Album Review: Beach Fossils – The Other Side of Life: Piano Ballads

[Bayonet; 2021]

When artists rework their earlier tracks, the result is often an improved quality of recording or a slight revision of the music itself – or both. It’s less common for an artist to take songs from their back catalogue approached them from an entirely new perspective, but Beach Fossils have done just that on The Other Side of Life: Piano Ballads – a compilation of jazzy, piano-led renditions of some of the band’s most famous songs.

The album opens with the reworked version of their 2017 track “This Year”, which has in it the lyrics: “I’ll meet you on the other side of life”. This version is so different from the original that you’d be unlikely to recognise it until Dustin Payseur’s voice comes in.

This album would go down pleasantly as a quiet evening listen. The tracks that are energetic in their original versions are now slowed down and sound a lot more mellow, infused with the sounds of sax, piano, upright bass, and splashy drumming.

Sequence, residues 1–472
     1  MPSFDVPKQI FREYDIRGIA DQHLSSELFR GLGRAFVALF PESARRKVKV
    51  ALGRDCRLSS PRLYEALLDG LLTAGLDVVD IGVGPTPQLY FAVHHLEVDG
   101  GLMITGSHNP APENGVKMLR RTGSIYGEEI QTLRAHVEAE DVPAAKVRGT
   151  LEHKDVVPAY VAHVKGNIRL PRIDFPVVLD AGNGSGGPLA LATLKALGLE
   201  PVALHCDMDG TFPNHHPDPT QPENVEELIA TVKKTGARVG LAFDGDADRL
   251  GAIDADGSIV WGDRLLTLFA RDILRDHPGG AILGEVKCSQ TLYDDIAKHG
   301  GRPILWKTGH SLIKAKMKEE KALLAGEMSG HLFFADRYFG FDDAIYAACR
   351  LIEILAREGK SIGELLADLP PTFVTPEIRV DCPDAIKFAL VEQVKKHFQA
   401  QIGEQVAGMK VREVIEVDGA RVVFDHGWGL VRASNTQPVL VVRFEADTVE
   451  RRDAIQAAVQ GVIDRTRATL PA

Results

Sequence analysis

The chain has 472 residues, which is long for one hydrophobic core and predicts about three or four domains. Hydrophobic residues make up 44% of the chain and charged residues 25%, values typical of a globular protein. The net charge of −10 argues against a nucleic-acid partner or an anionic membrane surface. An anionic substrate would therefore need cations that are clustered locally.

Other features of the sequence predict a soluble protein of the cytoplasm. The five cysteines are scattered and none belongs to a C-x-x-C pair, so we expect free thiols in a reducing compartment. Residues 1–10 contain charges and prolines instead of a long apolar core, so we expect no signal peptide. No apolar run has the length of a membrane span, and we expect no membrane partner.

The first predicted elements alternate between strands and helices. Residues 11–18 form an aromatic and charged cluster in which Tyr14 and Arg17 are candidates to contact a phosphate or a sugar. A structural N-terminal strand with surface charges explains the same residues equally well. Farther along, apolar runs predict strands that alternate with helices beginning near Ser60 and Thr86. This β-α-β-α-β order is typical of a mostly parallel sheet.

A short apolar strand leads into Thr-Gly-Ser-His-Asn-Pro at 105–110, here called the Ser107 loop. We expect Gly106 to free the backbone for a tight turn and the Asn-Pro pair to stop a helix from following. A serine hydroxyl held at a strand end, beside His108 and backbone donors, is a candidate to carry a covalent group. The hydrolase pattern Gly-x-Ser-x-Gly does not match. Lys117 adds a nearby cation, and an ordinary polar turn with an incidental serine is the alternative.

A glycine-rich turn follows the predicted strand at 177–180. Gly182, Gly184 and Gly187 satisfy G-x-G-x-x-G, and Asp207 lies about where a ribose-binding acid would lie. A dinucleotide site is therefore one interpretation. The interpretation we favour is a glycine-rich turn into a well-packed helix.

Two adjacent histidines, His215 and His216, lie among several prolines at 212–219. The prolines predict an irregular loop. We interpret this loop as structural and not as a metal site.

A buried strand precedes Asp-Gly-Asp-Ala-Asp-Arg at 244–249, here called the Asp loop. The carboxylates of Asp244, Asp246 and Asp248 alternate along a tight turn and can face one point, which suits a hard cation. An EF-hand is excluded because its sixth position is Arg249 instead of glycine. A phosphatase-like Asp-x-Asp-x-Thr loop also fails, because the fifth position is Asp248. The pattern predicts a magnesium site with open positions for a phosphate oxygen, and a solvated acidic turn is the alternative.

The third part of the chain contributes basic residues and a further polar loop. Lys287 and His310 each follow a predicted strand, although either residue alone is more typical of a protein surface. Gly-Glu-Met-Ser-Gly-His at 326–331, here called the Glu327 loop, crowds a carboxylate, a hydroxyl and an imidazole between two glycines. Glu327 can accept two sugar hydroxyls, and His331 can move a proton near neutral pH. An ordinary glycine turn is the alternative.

The style of dreampop is most often characterized with ethereal guitar tones, mellow synths and, most importantly, drowned out vocals. Beach Fossils used to adhere to most of these qualities on their previous works, and the barely discernible lyrics were absolutely part of their style. On The Other Side of Life the vocals are a lot clearer. For fans of the band this creates a very interesting effect: the melodies, switched-up chords and mellow textures make the once familiar music both recognizable and uncanny. What is more impressive is that these versions sound a lot more sensitive than their counterparts.

Now, adding the lyrics into the mix, the words now sound much more melancholic. On the tracks that were slow and melancholic to begin with, Beach Fossils manage to elicit fresh emotions. Perhaps it’s because, although the isolated instrumentals are not groundbreaking, the addition of familiar lyrics feels like a return to something that one used to know, but it changed over time. A song like “Adversity”, which Payseur wrote a decade or more ago, now has that wistfulness of age added to it. While it feels good to grasp to something old and familiar, one needs to keep moving forward.

The Other Side of Life: Piano Ballads is a very worthy retread for the band. It’s likely to make long-term fans sentimental, while newcomers get a surprising and perhaps more accessible entrance into the band’s discography.